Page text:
• There will be perimeter—but it will be porous. There will always be boundaries, but we’ll only rely on the perimeter to stop the most obvious and basic attacks—and we’ll ensure it doesn’t thwart our users’ productivity.
  • Smaller targets—less attack surface. Data security strategies will start at the most granular level which is at the user’s endpoint device. By making the targets small and many, it makes it more expensive (and less fruitful) to attack them.
  • Turrets that look inward. As threats increasingly come from within, we’ll turn our lookout towers around. We’ll use data visibility tools to see where our data lives and when it moves, and get better at recognizing when something doesn’t look right.
  • Securing the value itself. Instead of securing the thing that holds the value, we’ll secure the value (the data) itself. That means finding ways to ensure that attackers can’t actually remove data, and/or that the enterprise never truly loses that data (and all its value).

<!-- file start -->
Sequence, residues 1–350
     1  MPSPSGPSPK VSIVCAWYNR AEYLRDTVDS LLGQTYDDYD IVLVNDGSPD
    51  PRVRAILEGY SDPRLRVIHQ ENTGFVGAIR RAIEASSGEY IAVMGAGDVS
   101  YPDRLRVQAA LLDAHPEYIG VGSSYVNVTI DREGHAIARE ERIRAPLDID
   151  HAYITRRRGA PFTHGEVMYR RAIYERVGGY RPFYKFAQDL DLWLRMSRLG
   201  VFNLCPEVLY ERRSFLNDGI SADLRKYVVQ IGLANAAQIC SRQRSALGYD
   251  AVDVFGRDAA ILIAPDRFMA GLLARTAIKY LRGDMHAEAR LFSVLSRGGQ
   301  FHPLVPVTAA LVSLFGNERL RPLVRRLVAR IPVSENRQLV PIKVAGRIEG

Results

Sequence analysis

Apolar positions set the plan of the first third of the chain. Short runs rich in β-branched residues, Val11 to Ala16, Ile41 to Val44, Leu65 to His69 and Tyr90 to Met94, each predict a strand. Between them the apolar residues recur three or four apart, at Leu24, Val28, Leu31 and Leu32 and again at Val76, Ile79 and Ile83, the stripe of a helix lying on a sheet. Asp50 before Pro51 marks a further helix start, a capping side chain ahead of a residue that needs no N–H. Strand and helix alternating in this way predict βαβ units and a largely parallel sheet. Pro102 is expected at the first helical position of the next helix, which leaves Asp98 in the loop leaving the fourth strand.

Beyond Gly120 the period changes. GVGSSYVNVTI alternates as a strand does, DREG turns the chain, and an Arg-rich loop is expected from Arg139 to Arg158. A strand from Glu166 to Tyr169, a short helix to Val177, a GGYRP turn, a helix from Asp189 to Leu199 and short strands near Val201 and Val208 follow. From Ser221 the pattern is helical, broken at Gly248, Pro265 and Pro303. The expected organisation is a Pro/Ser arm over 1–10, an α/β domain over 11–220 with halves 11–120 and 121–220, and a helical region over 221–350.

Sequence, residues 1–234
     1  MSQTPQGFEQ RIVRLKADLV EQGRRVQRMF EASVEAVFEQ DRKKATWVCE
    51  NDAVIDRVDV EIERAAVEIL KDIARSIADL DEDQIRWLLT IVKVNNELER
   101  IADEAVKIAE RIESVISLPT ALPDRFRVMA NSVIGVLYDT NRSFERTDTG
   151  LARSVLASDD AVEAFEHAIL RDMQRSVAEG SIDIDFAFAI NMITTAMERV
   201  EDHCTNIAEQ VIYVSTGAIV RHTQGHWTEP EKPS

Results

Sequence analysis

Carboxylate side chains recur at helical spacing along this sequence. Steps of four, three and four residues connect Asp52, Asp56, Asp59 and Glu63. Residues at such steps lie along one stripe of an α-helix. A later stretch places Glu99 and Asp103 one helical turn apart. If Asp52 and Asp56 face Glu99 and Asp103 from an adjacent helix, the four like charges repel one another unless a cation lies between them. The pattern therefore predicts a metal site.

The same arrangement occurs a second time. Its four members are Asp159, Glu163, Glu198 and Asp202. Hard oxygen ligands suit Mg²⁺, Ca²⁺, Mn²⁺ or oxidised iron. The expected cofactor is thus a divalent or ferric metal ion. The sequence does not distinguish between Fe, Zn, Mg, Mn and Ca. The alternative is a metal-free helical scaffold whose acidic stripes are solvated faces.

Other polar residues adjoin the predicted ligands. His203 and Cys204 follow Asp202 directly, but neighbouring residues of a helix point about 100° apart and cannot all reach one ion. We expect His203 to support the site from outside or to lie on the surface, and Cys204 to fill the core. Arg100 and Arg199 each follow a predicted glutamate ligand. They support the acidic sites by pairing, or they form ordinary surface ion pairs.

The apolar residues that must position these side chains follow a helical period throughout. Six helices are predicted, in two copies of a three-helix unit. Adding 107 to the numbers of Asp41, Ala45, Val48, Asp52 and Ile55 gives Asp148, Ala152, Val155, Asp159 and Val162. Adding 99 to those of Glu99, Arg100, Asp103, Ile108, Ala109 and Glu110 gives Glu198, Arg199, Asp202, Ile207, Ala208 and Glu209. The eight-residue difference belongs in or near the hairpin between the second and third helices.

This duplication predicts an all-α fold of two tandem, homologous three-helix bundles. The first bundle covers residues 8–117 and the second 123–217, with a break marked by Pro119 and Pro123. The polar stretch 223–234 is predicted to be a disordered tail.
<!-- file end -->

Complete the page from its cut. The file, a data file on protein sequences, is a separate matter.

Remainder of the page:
To close out our medieval castle analogy, the next-generation digital “kingdom” won’t have giant walls to protect our gold. We’ll use data visibility tools to know the second a gold coin moves somewhere it shouldn’t, and we’ll use data recovery tools to ensure we can always yank that gold coin back, no matter where someone tries to take it.

Forrester’s Mitigating Insider Threats: The Security Playbook

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Code42 customer success: North Highland

Code42 Customer Success Story: North Highland

Code42 provides your business with a variety of data security benefits, including increased productivity, risk mitigation, streamlined user workflows and more – all in a single product that’s been proven to ultimately save you money. While Code42 has a few primary use cases – backup and recovery, device migration, etc. – we’ve learned that our different customers use our solutions in different ways.